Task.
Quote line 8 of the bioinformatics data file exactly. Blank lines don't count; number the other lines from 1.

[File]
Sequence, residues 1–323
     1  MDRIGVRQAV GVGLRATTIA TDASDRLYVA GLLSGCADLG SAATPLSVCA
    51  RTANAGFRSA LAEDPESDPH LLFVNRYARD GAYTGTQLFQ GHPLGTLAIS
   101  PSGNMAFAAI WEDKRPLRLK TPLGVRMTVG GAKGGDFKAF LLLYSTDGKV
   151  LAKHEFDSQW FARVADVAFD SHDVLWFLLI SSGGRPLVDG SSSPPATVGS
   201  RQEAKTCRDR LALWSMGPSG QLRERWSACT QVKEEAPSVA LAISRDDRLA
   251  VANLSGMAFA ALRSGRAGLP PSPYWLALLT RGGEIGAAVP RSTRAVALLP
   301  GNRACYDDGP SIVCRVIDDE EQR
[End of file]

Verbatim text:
   301  GNRACYDDGP SIVCRVIDDE EQR